James Governor’s thoughtful blog post on finding the REST of cloud prompted me to think about developer-driven versus sysadmin-driven adoption of cloud. This is a fulcrum that’s separate from GUI vs. CLI vs. API tug-of-war, which in many ways is a sysadmin-driven debate.
The immediacy of cloud provisioning has instinctive appeal to developers who just want to get something up and running. Amazon’s choice to initially do API-based provisioning was a clear choice to favor developer thinking, and developers at vast numbers of start-ups rewarded them by adopting the platform. At Web 2.0 start-ups, the founders, who usually come out of some sort of dev background, get to hire the ops people and call the shots. And thus, direct appeal to developers has been very important to cloud success, up until this point.
But my observation from client interactions is that cloud adoption in established, larger organizations (my typical client is $100m+ in revenue) is, and will be, driven by Operations, and not by Development. The developers may be the business stakeholders, and they might be the engineers who first experiment with the cloud (in a “rogue” or ad-hoc way), but Operations has the budget and Operations is going to be managing the actual cloud deployment, and therefore Operations makes the decision about what cloud to go with in the end.
That assumes, of course, that the developers haven’t tied their code to a non-portable API. If the developers have, unbeknownst to the Ops folks, gone and tightly integrated their application with, say, Amazon S3 in a way that doesn’t readily allow portability between different cloud storage APIs, or built on top of Google App Engine, then Ops isn’t going to have much in the way of options.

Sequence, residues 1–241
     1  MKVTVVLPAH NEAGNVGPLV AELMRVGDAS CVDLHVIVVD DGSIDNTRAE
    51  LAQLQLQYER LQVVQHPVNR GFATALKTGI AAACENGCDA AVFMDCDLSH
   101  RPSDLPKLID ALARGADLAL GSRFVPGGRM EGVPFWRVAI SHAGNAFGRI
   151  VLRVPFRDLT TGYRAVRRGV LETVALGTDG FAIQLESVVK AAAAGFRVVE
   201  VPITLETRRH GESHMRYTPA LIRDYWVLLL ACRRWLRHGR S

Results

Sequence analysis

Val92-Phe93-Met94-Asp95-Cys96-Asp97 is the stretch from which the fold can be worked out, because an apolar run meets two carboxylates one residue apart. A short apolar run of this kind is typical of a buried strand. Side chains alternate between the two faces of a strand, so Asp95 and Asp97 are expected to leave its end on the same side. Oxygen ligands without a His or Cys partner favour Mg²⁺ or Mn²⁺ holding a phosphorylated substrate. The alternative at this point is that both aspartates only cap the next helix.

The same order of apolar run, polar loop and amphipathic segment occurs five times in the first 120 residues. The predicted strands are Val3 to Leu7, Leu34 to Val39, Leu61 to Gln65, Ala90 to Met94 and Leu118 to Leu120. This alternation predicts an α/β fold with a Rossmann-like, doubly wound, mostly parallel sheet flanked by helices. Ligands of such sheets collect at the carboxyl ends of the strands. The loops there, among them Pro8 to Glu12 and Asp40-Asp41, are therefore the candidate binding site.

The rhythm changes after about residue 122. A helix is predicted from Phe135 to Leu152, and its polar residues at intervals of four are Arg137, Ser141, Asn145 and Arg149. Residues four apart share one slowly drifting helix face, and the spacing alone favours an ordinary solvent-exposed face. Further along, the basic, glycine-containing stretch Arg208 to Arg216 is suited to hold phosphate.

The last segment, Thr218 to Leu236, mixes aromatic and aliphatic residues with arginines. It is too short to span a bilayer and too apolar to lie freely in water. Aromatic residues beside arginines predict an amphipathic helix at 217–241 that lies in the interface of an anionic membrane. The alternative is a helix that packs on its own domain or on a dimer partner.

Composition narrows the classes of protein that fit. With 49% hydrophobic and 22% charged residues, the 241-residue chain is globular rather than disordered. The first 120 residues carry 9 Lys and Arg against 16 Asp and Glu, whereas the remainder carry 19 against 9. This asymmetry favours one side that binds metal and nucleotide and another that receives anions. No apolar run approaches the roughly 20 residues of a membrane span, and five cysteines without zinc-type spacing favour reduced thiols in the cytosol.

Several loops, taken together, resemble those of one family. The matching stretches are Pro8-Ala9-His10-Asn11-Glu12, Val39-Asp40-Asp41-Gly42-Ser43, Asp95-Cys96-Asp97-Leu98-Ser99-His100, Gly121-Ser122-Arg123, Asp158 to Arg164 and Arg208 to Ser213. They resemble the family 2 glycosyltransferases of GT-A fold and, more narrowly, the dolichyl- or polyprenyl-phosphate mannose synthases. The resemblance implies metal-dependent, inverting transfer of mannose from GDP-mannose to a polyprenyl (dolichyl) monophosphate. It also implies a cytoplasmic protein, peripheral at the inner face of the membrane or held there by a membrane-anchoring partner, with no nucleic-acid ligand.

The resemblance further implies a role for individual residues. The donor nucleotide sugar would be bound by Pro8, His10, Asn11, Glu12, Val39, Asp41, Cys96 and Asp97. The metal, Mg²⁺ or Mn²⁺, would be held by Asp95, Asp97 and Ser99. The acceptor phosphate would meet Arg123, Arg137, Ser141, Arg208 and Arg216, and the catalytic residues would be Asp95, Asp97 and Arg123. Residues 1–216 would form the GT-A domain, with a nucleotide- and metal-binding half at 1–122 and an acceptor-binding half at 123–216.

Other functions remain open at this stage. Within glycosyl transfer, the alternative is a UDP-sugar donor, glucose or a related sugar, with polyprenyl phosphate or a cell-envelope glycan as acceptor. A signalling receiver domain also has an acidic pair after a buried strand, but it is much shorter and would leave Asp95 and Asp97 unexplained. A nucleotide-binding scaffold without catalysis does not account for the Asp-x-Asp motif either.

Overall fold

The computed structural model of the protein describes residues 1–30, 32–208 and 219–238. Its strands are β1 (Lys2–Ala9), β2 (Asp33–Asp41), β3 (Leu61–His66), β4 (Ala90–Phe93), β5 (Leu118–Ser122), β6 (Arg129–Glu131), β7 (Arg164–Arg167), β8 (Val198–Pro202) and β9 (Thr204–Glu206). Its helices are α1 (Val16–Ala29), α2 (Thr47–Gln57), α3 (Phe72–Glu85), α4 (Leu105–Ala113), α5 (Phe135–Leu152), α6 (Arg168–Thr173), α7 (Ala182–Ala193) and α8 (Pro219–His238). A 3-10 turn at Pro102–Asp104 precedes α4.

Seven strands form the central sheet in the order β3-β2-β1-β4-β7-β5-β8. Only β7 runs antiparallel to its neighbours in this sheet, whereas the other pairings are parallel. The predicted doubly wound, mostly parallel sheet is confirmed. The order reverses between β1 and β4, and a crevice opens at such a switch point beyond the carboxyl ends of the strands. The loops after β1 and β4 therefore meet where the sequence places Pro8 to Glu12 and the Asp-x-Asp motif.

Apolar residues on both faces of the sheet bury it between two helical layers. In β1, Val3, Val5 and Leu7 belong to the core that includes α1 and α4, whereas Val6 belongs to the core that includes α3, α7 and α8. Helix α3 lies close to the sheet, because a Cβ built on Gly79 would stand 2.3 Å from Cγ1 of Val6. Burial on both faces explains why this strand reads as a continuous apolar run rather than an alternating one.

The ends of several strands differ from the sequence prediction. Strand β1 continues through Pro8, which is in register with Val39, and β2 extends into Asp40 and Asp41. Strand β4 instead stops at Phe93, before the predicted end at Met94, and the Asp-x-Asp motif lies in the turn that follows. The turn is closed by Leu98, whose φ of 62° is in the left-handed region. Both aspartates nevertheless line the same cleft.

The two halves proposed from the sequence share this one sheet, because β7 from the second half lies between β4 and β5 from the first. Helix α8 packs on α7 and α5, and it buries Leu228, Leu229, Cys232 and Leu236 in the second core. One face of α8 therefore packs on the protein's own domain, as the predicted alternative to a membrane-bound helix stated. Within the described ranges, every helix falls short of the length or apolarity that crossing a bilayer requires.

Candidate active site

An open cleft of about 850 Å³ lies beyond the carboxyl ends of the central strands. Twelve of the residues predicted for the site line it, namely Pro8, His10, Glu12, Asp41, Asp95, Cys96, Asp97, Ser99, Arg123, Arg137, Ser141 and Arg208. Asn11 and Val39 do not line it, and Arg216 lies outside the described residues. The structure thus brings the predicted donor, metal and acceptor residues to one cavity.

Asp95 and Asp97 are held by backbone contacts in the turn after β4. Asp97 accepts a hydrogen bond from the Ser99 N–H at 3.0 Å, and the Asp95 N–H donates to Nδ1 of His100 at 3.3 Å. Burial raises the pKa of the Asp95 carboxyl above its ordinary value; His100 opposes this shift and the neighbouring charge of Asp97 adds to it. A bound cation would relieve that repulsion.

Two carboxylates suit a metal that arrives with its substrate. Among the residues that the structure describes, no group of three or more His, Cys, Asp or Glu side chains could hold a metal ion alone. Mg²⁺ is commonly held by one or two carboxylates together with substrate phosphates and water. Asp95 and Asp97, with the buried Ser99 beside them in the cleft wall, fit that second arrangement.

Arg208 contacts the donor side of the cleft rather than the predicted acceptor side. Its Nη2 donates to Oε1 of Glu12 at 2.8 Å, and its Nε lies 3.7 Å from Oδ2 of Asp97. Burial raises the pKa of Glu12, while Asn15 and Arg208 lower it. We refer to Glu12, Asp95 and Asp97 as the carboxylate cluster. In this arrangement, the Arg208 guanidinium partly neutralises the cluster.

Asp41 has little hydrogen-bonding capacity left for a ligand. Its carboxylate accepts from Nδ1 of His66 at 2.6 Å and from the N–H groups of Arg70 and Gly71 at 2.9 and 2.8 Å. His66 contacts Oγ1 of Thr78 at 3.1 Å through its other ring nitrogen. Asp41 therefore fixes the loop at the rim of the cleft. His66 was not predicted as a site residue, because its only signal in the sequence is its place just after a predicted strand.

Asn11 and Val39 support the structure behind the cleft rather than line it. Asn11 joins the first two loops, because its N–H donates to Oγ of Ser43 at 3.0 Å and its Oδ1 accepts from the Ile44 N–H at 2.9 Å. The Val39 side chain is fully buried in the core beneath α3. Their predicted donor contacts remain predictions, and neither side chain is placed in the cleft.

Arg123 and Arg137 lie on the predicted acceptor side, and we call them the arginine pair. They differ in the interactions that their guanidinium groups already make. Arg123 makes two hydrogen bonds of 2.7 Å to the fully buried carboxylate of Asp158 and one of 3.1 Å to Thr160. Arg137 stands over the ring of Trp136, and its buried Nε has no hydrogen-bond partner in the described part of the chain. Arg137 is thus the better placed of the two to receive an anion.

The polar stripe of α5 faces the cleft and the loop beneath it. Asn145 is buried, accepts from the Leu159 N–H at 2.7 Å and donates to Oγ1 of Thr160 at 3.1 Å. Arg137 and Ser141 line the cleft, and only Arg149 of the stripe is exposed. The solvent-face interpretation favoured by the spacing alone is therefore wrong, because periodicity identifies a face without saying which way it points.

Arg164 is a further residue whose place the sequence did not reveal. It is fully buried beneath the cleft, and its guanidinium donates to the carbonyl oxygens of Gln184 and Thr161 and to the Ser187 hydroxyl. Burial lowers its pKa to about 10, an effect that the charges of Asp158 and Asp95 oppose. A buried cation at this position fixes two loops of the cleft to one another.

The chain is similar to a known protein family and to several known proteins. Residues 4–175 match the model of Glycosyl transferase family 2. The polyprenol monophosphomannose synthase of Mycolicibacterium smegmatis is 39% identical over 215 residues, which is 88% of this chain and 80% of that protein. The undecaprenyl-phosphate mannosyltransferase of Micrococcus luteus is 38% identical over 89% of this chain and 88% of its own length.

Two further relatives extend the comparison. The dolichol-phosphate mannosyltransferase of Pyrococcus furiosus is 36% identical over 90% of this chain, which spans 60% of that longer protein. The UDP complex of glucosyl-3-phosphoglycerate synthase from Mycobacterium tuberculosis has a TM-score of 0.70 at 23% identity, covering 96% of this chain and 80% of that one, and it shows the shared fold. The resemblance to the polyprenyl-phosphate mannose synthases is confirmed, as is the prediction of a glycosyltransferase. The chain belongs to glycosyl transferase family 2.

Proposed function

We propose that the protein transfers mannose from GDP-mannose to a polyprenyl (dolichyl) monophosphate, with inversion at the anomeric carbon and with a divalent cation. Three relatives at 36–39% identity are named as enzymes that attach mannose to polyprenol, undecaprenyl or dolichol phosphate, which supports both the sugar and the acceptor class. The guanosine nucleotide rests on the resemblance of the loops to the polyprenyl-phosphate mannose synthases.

Another way to think about this: Developer-driven adoption is bottom-up adoption, rather than top-down adoption. The early stages of cloud adoption have been bottom-up. But because of the economic climate, larger organizations are experiencing a radical acceleration of interest in cloud computing, and thus, the next stage of cloud infrastructure adoption is more likely to be driven top-down.
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Hey Lydia this is really great stuff – exactly the kind of dynamics we need to try and uncover to help our clients.
Extending your arguments, it seems Ops staffs are likely to prefer instance-based clouds, like AWS, because they allow at least the potential to rehost/regrab/control.
Fabric clouds, otoh, are potentally an operations staff’s worst nightmare.
Great post. CloudBerry Explorer freeware http://cloudberrylab.com/ is exactly an example of the tool the benefit from Amazon S3 open API. thanks!
These apps. vs. Ops in the cloud war are an extension of the project vs. infrastructure wars.
Today we can find two kind of IT philosophies in large organizations: the project oriented, where the apps/project guys lead and the Ops people manage the mess, and the Ops oriented, where the ops guys define the platform and anything out of it is not allowed.
I don’t think the Cloud will radically change the situation.